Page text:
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[Pilgrims looking at the Pillar of Salt.]
are good against surfeits; where the meadows are green all the year long, and where they might lie down safely. By this riverside, in the meadows, there were cotes and folds for sheep, a house built for the nourishing and bringing up of those lambs, the babes of those women that go on pilgrimage.t Also there was here one that was intrusted with them, who could have compassion, and that could "gather these lambs with his arm, and carry them in his bosom," and that could "gently lead those that are with young." Now, to the care of this Man Christiana admonished her four daughters to commit their little ones, that, by these waters, they might be housed, harboured, succoured, and nourished, and that none of them might be lacking in time to come.§ This man, if any of them go astray or be lost, he will bring them again; he will
↑ Heb. v. 2.
Isa. xl. 11.
§ Jer. xxiii. 4.
also "bind up that which was broken, and will strengthen them that are sick."* Here they will never want meat, drink, and clothing; here they will be kept from thieves and robbers; for this Man will die before one of those committed to his trust shall be lost. Besides, here they shall be sure to have good nurtriture and admonition, and shall be taught to walk in right paths, and that, you know, is a favour of no small account. Also here, as you see, are delicate waters, pleasant meadows, dainty flowers, variety of trees, and such as bear wholesome fruit; fruit not like that which Matthew ate of, that fell over the wall, out of Beelzebub's garden; but fruit that procureth health where there is none, and that continueth and increaseth it where it is.
So they were content to commit their little ones to him; and that which was also an encouragement to them so to do was, for that all this was to be at the charge of the King; and so was as an hospital to young children and orphans.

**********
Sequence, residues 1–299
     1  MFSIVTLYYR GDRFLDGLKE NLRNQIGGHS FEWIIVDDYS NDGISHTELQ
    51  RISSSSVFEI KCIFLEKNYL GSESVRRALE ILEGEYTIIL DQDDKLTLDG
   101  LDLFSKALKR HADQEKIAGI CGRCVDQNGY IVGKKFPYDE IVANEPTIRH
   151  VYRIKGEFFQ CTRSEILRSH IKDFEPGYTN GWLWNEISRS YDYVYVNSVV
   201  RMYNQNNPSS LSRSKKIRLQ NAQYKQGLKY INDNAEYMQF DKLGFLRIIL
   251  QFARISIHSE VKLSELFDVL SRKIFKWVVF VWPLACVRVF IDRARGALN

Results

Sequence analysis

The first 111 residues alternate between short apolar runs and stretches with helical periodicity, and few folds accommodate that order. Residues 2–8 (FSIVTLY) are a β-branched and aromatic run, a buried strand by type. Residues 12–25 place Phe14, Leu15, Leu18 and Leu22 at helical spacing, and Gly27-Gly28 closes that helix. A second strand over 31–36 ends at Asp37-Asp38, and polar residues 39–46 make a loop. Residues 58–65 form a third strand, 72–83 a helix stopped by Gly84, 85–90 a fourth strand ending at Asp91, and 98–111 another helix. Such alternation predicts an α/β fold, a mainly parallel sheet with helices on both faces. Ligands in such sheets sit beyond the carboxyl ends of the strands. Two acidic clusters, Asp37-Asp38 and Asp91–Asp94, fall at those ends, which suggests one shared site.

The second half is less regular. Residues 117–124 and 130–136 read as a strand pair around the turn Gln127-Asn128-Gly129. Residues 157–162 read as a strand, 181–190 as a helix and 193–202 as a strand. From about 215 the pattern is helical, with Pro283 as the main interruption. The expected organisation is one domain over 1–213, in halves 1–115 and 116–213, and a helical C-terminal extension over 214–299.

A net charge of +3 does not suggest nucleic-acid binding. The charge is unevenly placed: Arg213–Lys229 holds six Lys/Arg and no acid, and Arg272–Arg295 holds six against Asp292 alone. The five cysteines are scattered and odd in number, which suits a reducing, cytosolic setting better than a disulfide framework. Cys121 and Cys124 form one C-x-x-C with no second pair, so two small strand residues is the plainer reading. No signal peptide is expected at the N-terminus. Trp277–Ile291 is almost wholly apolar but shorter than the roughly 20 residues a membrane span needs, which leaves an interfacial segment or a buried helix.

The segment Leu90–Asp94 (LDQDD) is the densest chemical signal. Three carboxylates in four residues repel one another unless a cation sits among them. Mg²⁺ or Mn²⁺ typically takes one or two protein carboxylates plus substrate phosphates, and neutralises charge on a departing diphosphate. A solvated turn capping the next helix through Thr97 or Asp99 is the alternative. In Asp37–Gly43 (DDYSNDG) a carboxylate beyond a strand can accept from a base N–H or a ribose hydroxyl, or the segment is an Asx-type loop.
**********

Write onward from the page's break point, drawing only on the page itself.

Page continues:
Now they went on, and when they were come to By-path-meadow, to the stile over which Christian went with his fellow Hopeful, when they were taken by Giant Despair, and put into Doubting Castle, they sat down and consulted what was best to be done; to wit, now they were so strong, and had got such a man as Mr. Great-heart for their conductor, whether they had not best to make an attempt upon the Giant, demolish his Castle, and if there were any Pilgrims in it, to set them at liberty, before they went any farther. So one said one thing, and another said the contrary. One questioned if it was lawful to go upon unconsecrated ground; another said they might, provided their end was good; but Mr. Great-heart said, Though that assertion offered last cannot be universally true, yet I have a commandment to resist sin, to overcome evil, to fight the good fight of faith; and, I pray, with whom should I fight this good fight, if not with Giant Despair? I will therefore attempt the taking away of his life, and the demolishing of Doubting Castle. Then said he, Who will go with me? Then said old Honest, I will; and so will we, too, said Christiana's four sons, Matthew, Samuel, Joseph, and James, for they were young men, and strong. So they left the women in the road, and with them Mr. Feeble-mind, and Mr. Ready-to-halt, with his crutches, to be their guard until they came back; for in that place the Giant Despair dwelt so near, they keeping in the road, a little child might lead them."‡
So Mr. Great-heart, old Honest, and the four young men, went
* Jer. xxiii. 4. Ezek. xxxiv. 11-16. † 1 John ii. 13, 14.
+ Isaiah xi. 6
They being come to By-path stile have a mind to have a pluck with Giant Despair.
Despair has overcome angels.
[Doubting Castle demolished.